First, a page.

Sometimes, when life begins to feel a little too overwhelming, stressful, and kind of like the whole plot has been lost, it is worth taking a pause and returning back to the basics.
I like to think of minimalism as a tool with which you gently peel back the layers in order to understand what you want to be in the core of your life. I will re-iterate that minimalism is no one size fits all or a quick fix to everyone’s situation, but instead it is your personal journey to explore and find out how you can lead a more intentional life.
Now, what does living with intention mean?
To live with more intention “simply” means taking responsibility for yourself and your life. I guess for most this comes more naturally, but as a recovering people-pleaser, I always looked (still sometimes do) to others regarding the decisions that I, and only I, should make about the things that will impact my life. Living intentionally is about thinking with your own mind and checking with your values, beliefs, and experiences about what feels right for you.
It sounds, and feels, liberating, but for someone like me who would rather avoid making decisions, it’s also terrifying, because suddenly there are just so many more to be made.
However, the following 5 minimalist habits are at the core of how I try to infuse more intention into my every day life. They are some basic guidelines you can try out, too, if you want to also enjoy the positive effects of minimalism in your life.
1. Declutter as you go
Whether you’ve decided to embark on your minimalism journey, or if you already swear by it, decluttering as you go will make transitioning and keeping up with it much more bearable. It can be overwhelming to declutter your whole life and being digitally, mentally, emotionally, spiritually, and physically all in one go. So, just choose an area in life or one drawer and start there. Soon decluttering becomes a habit and you notice that you cling less onto things (both physical and abstract), or allow them to enter your space less.
Really, minimalism isn’t about getting rid of everything in your life and living extremely frugal, but more so a practice to shift your focus to what really matters. What matters to you, where you derive value from, and how you can lead a more intentional life.
2. Quality / Quantity
Choose quality over quantity. For example, I prefer to surround myself with a handful of inspiring friends with whom everything just syncs. But also considering the ‘things’ in our life, I would rather buy something seldom of higher quality that’s a little pricier, than having to buy the same item multiple times for cheaper.Of course, you can find quality pieces for cheaper at vintage and thrift stores, so quality doesn’t always have to mean an expensive price tag. However, it takes a little more consideration and effort from the consumer than just popping into your local H&M on a whim. Think about the cost per wear!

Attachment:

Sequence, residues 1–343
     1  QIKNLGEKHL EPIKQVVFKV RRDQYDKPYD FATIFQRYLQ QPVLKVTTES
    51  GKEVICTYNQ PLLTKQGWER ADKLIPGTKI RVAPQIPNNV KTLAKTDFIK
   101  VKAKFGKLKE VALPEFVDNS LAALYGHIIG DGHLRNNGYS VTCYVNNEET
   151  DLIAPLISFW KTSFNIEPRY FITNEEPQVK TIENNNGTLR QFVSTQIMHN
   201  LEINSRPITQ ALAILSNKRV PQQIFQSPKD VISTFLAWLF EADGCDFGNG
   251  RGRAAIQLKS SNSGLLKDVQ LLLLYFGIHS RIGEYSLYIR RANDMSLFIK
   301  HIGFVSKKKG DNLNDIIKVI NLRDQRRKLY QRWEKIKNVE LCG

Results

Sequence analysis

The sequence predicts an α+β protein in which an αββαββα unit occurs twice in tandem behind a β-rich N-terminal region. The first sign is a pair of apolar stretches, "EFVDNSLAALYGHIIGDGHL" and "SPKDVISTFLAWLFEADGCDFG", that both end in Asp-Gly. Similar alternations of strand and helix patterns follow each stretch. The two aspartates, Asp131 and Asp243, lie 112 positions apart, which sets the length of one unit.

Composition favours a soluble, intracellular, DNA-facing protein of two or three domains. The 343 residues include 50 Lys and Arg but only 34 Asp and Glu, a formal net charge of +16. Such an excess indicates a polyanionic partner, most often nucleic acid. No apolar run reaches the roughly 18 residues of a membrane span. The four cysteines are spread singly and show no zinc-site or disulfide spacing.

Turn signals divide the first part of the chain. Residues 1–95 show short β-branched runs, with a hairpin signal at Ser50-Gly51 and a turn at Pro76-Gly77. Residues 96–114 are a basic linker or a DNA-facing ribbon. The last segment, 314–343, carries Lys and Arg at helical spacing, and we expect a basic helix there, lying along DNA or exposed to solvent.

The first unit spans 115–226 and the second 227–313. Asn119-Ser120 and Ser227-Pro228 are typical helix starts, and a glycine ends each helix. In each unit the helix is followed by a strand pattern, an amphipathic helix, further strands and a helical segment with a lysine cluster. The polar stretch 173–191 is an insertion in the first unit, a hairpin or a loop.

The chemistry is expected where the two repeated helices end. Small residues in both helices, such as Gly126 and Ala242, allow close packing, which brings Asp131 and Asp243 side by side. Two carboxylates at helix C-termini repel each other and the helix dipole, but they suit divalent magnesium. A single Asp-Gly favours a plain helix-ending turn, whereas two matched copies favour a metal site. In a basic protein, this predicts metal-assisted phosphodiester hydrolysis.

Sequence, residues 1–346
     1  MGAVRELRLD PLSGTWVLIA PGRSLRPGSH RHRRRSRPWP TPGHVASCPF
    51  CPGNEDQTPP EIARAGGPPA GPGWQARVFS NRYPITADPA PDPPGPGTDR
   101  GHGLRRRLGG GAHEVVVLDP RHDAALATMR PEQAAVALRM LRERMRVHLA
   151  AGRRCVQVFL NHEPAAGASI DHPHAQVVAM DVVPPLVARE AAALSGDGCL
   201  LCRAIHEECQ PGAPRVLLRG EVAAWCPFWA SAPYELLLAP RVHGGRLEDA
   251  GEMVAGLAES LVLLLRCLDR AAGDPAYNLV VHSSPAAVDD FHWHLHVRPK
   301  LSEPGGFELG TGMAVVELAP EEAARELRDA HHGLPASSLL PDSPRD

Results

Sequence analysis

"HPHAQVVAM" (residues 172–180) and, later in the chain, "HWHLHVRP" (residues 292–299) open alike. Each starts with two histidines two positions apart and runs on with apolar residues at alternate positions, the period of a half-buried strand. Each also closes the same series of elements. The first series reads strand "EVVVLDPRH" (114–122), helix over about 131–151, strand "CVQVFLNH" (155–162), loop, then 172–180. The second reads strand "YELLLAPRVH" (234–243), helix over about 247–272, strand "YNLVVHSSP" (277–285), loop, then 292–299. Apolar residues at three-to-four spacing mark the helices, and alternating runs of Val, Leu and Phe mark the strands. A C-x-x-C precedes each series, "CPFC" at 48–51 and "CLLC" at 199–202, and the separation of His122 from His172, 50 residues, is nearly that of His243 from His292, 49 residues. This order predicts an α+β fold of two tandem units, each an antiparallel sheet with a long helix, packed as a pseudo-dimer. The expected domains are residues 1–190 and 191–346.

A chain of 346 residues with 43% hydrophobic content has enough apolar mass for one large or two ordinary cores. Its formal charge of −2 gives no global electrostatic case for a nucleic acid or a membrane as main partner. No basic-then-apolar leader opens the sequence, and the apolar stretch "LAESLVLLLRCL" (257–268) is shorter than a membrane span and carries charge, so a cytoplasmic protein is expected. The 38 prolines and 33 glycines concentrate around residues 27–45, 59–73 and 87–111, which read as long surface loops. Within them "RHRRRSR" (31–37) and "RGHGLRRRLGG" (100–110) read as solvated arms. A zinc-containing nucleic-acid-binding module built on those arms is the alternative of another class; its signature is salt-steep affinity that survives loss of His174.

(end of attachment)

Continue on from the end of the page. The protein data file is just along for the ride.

3. Practice Digital Minimalism
Digital minimalism is a whole topic on its own. If we find ourselves immersed in the digital world constantly, it can begin to take a toll on us especially mentally. On social media learn to be intentional with the content you follow, consume, and how much time you’re spending online. We cannot control everything that we’re exposed to, but you can still develop a critical mind towards what you see. Also, declutter that desktop screen, and whilst you’re at it, organise your folders. Thank me later.
4. Build a Capsule Wardrobe
Talk about a life- and time-saver! If you’re anything like me and like to look stylish and elegant most of the time (debatable), but have actually zero patience to put much thought into clothes, then building a capsule wardrobe is a winner. A capsule wardrobe is a curated collection of a limited number of clothes, shoes, bags, and accessories, that you’ve bought with intention and careful consideration. Ideally each item fits together freeing up the mental energy you need to use every day to figure out if an outfit looks good. Sure, partly it is about being stylish, but more than that, it’s removing another decision from my every day. Who doesn’t want to feel good and confident without much effort?
5. Embrace space
There’s a clear correlation with how crowded a place is and the level of anxiety and depression I experience. Naturally, the more space I have around me, blue sky, trees, and nature, the more I feel like my mind and body can breathe. That also applies to my indoor living areas. I avoid over-crowding my room and walls just for the sake of filling up space.In fact, this white space, aka negative space, is a technique used in interior design to provide a breathing space for us. It balances our surroundings, rests our eyes whilst highlighting key pieces in the room. As a result, this creates a sense of visual comfort and harmony subconsciously. I’d say this is pretty crucial for our mental clarity.
How do you bring back intention into your life, surroundings, or relationships?